Covington resident Martha McGiboney believes the city’s proposed restrictions on parking commercial vehicles in residential areas will hinder her son’s ability to make a living.
McGiboney’s son is a semi-truck diver who regularly commutes two hours north to Dalton and has no personal vehicle. Under the city’s proposed parking ordinance semis are restricted, as are delivery trucks, drilling trucks, flat-bed tow trucks, welding trucks, lift trucks, medium-duty dump trucks, semi-truck cabs and any large trailers.
"This is the livelihood for this family. Plus, it may be the only means of transportation to get to their jobs," McGiboney told the council at its Sept. 8 meeting. "The people driving and operating this equipment put in some long and hard days that most of us can’t begin to comprehend. They should have the same privilege as the other working citizens."
The latest draft of the ordinance would prevent certain commercial vehicles from parking outside of residences or on public right-of-ways in these zonings, NR-1, NR-2, NR-3, CR and TCR. All construction equipment and any commercial vehicles that have a gross vehicle weight of more than 19,500 pounds, which is a class 5 rating; are longer than 25-feet or would be longer if towed by a truck; or require a commercial driver’s license, would be prohibited under the ordinance.
The ordinance has been developed in part because of complaints by residents on Forest Drive, where one resident has been keeping a flat-bed car carrier and another one has occasionally kept construction equipment at his house. Government owned and operated vehicles and those stored in permanent enclosures would be allowed.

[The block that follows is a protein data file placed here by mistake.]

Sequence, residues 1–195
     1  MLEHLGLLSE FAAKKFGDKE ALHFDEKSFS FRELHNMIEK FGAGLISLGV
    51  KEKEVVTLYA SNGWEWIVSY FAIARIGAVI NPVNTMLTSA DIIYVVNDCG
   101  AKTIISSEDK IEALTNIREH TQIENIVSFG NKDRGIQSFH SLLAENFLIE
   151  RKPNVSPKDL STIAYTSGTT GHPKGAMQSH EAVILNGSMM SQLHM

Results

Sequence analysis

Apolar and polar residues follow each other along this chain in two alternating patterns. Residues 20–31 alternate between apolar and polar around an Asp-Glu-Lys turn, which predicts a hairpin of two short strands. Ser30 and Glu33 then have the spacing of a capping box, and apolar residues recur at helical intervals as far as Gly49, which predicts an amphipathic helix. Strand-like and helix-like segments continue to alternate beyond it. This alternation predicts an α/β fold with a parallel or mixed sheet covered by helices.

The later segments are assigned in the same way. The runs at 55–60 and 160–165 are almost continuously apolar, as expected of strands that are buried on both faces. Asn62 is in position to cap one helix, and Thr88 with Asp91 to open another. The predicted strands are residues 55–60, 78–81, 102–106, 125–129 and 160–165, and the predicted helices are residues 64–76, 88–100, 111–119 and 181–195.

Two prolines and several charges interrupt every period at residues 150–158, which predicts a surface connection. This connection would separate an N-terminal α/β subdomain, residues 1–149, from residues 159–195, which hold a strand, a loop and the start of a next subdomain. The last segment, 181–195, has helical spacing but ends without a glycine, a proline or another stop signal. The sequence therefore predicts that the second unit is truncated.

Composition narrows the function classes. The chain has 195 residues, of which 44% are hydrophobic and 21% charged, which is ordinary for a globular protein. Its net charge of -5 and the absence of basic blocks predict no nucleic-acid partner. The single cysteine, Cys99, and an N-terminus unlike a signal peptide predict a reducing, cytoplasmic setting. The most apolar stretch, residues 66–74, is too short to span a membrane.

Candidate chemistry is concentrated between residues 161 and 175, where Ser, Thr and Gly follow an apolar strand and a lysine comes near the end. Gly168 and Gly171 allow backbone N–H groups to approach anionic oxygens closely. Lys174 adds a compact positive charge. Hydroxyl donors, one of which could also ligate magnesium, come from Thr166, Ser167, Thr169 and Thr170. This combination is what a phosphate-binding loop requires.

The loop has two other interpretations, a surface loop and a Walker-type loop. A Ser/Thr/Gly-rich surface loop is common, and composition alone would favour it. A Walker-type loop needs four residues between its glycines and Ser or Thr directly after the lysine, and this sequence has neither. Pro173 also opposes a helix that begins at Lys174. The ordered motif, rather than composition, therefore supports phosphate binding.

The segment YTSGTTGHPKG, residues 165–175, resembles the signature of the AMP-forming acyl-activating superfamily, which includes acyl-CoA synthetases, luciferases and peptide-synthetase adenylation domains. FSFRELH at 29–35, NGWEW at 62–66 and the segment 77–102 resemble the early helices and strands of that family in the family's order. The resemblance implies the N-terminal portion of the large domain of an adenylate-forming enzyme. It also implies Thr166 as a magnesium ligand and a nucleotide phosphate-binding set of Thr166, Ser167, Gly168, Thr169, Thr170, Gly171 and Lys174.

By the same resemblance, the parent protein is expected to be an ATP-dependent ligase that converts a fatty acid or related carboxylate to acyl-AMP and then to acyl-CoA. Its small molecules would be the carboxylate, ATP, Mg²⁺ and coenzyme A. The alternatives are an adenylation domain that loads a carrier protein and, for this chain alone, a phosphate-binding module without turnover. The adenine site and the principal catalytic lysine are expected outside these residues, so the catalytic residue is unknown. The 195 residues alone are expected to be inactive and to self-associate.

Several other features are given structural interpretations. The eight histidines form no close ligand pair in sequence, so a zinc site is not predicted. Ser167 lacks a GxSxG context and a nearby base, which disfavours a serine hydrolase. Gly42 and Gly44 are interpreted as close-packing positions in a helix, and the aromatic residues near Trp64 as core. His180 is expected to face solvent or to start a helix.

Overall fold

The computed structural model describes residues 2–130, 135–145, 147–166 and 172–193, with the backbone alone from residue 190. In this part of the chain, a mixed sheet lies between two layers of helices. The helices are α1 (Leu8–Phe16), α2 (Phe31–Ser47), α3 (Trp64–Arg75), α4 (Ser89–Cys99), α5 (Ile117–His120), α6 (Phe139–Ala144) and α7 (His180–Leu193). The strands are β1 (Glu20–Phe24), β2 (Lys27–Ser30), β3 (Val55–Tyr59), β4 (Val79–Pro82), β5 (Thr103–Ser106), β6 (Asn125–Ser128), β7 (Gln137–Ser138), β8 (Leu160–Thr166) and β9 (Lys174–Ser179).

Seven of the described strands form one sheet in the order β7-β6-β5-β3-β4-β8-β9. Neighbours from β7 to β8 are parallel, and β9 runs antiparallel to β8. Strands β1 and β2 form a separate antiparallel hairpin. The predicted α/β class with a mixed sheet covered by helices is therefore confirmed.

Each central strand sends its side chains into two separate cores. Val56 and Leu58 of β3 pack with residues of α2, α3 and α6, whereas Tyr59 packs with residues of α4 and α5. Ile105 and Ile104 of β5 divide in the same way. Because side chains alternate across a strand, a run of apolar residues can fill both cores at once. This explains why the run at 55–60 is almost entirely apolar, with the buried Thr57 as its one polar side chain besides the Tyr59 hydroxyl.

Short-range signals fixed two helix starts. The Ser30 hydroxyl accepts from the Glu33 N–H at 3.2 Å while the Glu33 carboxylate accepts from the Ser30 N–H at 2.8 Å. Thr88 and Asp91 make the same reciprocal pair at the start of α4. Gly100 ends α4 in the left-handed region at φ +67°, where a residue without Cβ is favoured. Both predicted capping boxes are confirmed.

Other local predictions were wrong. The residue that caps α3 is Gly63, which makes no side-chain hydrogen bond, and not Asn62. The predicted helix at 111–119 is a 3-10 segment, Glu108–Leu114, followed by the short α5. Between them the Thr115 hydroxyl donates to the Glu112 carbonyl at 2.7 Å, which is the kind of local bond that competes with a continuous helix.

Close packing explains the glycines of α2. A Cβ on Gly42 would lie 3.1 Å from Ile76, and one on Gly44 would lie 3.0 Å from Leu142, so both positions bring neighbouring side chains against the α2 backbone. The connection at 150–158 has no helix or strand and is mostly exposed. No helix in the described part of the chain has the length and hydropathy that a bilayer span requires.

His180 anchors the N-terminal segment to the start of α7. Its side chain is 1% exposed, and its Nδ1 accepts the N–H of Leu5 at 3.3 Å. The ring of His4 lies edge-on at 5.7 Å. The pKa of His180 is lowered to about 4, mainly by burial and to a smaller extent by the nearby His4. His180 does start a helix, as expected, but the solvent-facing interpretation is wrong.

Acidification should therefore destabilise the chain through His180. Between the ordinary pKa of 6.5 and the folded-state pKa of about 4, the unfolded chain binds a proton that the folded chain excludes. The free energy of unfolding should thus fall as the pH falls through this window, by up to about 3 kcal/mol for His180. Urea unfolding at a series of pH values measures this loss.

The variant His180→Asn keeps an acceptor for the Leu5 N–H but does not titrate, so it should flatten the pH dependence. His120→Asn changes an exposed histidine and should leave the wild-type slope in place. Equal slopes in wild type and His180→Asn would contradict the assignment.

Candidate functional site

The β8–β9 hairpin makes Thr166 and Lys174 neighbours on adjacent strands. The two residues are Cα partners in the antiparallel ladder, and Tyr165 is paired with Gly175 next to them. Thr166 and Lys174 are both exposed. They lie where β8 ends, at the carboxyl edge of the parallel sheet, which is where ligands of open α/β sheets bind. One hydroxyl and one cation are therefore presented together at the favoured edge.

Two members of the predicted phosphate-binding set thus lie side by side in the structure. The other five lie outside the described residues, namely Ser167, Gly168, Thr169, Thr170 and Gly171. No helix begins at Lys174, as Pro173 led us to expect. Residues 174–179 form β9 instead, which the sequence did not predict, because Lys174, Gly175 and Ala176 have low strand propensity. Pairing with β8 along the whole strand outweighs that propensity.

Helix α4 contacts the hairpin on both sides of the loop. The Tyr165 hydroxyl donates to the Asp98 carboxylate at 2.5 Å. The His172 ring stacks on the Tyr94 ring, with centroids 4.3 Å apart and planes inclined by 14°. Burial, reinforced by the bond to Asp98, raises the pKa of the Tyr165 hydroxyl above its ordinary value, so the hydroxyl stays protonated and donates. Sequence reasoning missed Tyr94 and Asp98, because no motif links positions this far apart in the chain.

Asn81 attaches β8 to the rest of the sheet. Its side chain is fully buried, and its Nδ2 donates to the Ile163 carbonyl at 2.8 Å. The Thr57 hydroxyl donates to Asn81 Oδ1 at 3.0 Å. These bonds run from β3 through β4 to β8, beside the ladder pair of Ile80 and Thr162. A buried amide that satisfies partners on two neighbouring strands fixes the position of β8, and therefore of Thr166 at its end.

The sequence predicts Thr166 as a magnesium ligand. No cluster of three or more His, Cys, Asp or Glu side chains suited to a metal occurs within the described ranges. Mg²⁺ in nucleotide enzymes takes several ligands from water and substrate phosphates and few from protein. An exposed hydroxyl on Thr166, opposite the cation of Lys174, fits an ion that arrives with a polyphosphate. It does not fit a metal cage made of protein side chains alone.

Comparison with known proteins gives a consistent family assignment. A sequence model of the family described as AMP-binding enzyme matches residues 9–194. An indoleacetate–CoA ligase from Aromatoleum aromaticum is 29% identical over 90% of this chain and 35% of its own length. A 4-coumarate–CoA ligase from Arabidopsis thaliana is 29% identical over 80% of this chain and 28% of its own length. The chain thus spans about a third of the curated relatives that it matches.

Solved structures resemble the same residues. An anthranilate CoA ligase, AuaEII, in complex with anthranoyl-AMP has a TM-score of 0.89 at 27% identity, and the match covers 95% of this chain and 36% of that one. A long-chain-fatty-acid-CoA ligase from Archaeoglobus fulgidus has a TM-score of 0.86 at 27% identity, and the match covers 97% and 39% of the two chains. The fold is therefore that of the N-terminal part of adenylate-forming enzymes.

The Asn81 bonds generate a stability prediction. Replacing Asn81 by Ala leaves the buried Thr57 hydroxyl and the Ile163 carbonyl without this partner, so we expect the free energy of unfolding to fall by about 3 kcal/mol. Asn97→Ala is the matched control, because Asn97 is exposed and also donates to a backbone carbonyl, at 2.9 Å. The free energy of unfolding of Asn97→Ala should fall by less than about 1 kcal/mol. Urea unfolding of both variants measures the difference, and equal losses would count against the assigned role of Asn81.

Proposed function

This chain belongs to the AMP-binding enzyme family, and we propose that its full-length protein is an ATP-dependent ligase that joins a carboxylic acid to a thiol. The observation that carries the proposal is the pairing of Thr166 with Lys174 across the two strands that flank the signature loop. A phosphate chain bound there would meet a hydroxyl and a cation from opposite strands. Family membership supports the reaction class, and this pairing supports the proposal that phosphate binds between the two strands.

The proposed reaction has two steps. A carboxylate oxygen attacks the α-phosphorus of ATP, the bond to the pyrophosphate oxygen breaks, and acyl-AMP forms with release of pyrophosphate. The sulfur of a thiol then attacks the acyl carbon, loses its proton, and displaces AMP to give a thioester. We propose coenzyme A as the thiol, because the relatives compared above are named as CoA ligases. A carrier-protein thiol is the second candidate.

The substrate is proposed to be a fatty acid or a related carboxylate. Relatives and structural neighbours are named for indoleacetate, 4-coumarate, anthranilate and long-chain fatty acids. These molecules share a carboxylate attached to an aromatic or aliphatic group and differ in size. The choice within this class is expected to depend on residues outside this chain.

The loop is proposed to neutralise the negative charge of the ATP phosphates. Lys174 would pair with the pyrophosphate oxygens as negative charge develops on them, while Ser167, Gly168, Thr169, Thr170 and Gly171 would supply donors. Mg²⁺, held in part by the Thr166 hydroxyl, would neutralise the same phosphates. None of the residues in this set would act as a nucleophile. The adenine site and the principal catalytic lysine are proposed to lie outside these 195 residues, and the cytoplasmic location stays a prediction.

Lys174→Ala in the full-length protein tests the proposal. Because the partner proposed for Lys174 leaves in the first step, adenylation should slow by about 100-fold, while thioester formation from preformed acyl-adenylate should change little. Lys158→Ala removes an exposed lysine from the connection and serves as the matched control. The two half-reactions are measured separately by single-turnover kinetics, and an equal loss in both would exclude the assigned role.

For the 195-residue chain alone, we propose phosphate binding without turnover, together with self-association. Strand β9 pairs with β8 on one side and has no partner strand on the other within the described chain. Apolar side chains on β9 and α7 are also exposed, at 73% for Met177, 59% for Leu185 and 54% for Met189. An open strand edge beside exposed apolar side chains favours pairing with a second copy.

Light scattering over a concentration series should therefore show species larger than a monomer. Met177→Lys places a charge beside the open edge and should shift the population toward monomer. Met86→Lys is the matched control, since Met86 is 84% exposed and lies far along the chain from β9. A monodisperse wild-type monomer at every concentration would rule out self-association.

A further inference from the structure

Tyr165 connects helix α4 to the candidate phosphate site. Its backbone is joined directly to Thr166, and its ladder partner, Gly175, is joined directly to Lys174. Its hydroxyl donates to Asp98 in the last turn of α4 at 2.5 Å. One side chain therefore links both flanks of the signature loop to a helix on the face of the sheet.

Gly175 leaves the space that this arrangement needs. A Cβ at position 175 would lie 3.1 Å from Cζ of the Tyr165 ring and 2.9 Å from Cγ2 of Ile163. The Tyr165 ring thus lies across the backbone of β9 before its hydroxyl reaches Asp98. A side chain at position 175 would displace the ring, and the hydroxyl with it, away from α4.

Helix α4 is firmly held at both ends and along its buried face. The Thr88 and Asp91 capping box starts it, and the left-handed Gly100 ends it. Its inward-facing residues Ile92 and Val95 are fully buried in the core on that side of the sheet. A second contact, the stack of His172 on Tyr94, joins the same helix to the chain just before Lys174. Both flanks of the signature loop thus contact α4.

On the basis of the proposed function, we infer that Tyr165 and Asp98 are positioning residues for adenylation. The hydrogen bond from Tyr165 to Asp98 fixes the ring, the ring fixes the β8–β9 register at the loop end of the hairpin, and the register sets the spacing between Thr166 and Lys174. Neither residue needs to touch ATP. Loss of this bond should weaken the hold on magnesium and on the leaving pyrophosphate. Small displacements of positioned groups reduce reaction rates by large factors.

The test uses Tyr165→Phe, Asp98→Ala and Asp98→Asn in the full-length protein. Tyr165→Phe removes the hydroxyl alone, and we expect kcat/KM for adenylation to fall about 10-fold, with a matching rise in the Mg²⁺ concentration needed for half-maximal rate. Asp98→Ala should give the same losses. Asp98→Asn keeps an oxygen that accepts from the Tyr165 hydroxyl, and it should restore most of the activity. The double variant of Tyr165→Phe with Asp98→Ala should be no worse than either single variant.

"What is the greater issue here? The eye-sore for the neighbor, or the livelihood of the other neighbor," asked McGiboney.
No changes have been made based on McGiboney’s concerns. The ordinance is scheduled for a first reading at Monday’s Covington city council meeting at 6:30 p.m. at City Hall; an hourly work session always precedes the meeting at 5:30 p.m.
Also on Monday’s agenda is a first reading of an overlay ordinance for the Walker’s Bend subdivision which would place strict development regulations on new construction and require homeowners to maintain their property.
The council is also expected to sign an operating agreement with The LPA Group, the new airport engineering consulting firm, and to appoint Croy Engineering as a second airport consulting engineering firm.
Finally, it will discuss and potentially vote on adopting the recent changes made by the Newton County Board of Commissioners to the county’s animal control ordinance. The county provides animal control services to cities in Newton County, and the city council is being asked to adopt the amendments made by the county.